The calm before the storm

Playwright Nicholas Wardigo, enjoying the fruits of his labor.

Playwright Nicholas Wardigo, enjoying the fruits of his labor.

Predictably, things have been relatively calm theater-wise this summer.  I, myself, have taken advantage of the artistic lull by starting work on a new play (my fifteenth full-length, if anyone is keeping track) and building an adirondack chair.  I’ve included a pic of my latter project, since a picture of me staring with frustration at a notebook in the middle of a coffee shop is far less compelling.  I don’t want anyone to think that I’ve got aspirations of being a master carpenter or anything; I just really like adirondack chairs, and I’m sick of the cheap plastic ones that have been uglifying our front porch.  Also, my Uncle Donny gave me his old miter saw, and I recently got a new pocket jig from my folks, so I was anxious to try them out.  There will, likely, be a second chair before the end of the week.  You’ll notice that I made the armrests extra wide to accommodate coffee cups, beers, bowl of peanuts, pitchers of martinis, and/or platters of caviar and crepes.

But the summer lull is ending, and I’m looking forward to the ensuing tsunami.  The Philadelphia Fringe Festival is already underway, and I’m attending one of the shows this very evening (It’s 901 Nowhere Street, if anyone is bored and wants to meet me there).  The script is written by local playwright Jeremy Gable, whom I know a little, most notably from a one-act piece he did a few years ago, in which he recounted the experience of intentionally locking himself in a back room of the Plays and Players Theatre for twelve hours.  Wacky.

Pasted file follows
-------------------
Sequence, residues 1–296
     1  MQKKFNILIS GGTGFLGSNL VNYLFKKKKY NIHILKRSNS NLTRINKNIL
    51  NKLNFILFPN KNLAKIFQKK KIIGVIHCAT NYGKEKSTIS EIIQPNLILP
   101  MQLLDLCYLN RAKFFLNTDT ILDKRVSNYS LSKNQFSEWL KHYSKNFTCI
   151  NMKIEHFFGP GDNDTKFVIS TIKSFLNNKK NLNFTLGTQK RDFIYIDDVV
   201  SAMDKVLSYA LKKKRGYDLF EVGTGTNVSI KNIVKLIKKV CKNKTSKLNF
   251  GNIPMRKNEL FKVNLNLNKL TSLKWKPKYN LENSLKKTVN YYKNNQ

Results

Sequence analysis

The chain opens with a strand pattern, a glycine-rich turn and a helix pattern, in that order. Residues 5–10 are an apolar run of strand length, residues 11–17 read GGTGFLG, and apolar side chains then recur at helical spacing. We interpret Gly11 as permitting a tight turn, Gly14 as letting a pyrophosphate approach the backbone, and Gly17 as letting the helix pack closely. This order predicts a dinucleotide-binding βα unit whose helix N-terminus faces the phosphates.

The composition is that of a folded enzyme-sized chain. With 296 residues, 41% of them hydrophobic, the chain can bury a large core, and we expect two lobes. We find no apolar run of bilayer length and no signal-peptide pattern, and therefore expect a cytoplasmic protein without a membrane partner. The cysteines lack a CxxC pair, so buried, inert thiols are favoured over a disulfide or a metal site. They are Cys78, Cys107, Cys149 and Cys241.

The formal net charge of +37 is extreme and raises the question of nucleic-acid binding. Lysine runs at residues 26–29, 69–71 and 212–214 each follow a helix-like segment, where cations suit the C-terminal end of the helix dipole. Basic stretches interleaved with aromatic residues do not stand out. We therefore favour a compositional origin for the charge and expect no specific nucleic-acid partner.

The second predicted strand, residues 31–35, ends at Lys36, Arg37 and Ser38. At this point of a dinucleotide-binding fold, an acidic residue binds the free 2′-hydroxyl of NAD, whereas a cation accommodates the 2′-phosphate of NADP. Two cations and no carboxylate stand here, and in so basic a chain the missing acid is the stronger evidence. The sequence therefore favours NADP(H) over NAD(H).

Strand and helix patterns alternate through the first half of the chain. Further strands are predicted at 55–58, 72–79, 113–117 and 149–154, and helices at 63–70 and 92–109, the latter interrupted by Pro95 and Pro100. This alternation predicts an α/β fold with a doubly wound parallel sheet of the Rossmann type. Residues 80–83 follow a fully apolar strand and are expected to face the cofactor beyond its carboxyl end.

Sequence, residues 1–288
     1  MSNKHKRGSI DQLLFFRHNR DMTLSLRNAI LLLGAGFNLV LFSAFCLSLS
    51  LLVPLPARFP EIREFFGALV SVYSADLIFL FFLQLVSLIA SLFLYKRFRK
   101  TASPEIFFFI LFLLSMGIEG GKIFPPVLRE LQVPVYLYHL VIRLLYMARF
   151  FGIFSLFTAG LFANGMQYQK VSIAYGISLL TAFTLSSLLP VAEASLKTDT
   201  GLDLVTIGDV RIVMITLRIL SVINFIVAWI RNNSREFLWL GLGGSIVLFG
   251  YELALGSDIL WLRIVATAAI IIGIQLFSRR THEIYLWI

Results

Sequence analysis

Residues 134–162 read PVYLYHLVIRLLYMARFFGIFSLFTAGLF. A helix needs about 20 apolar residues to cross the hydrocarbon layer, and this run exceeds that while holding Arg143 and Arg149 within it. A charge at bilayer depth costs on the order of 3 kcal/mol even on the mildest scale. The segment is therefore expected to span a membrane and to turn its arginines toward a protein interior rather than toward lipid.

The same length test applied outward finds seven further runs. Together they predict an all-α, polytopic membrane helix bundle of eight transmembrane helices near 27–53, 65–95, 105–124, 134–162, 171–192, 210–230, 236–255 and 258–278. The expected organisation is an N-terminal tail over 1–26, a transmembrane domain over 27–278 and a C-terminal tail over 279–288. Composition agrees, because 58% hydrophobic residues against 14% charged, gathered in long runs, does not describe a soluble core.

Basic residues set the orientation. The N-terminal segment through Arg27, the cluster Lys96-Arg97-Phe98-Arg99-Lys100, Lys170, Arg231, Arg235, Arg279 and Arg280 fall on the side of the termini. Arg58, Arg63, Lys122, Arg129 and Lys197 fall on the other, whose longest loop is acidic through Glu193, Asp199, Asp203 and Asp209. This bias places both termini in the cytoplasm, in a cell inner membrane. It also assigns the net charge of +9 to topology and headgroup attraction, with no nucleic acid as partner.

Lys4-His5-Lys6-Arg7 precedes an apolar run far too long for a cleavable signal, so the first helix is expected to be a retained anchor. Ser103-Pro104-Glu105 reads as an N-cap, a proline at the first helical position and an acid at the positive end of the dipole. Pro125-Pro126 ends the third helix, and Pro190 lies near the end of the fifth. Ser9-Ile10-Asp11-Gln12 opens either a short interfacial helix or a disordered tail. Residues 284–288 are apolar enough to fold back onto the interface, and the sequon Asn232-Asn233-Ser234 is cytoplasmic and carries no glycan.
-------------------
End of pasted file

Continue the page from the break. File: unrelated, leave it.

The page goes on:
901 Nowhere Street also features Emilie Krause, who is always a pleasure to watch, and takes place in the basement of a former chocolate factory on Bread Street.  It’s a spooky venue, and doesn’t get used often enough.  I remember seeing the haunting play Anodyne there a decade ago (performed by Pig Iron Theatre), as well as another infamous show in which Corinna Burns licked a wall.

Another Fringe show that I’m looking forward to is The Great War by Jim Christy.  Jim was one of my fellow playwrights during PlayPenn 2010, and you can see a photo of him drinking with me here.

In other impending news, the Push to Publish Conference is happening on October 10th, and, next week, the legendary figure B.J. Burton has a book coming out.  I’ll be writing more about it after it drops, but suffice to say, it’s an examination of the careers and opinions of Philadelphia playwrights, featuring interviews with fifteen of them, including one who spends his free time building adirondack chairs.

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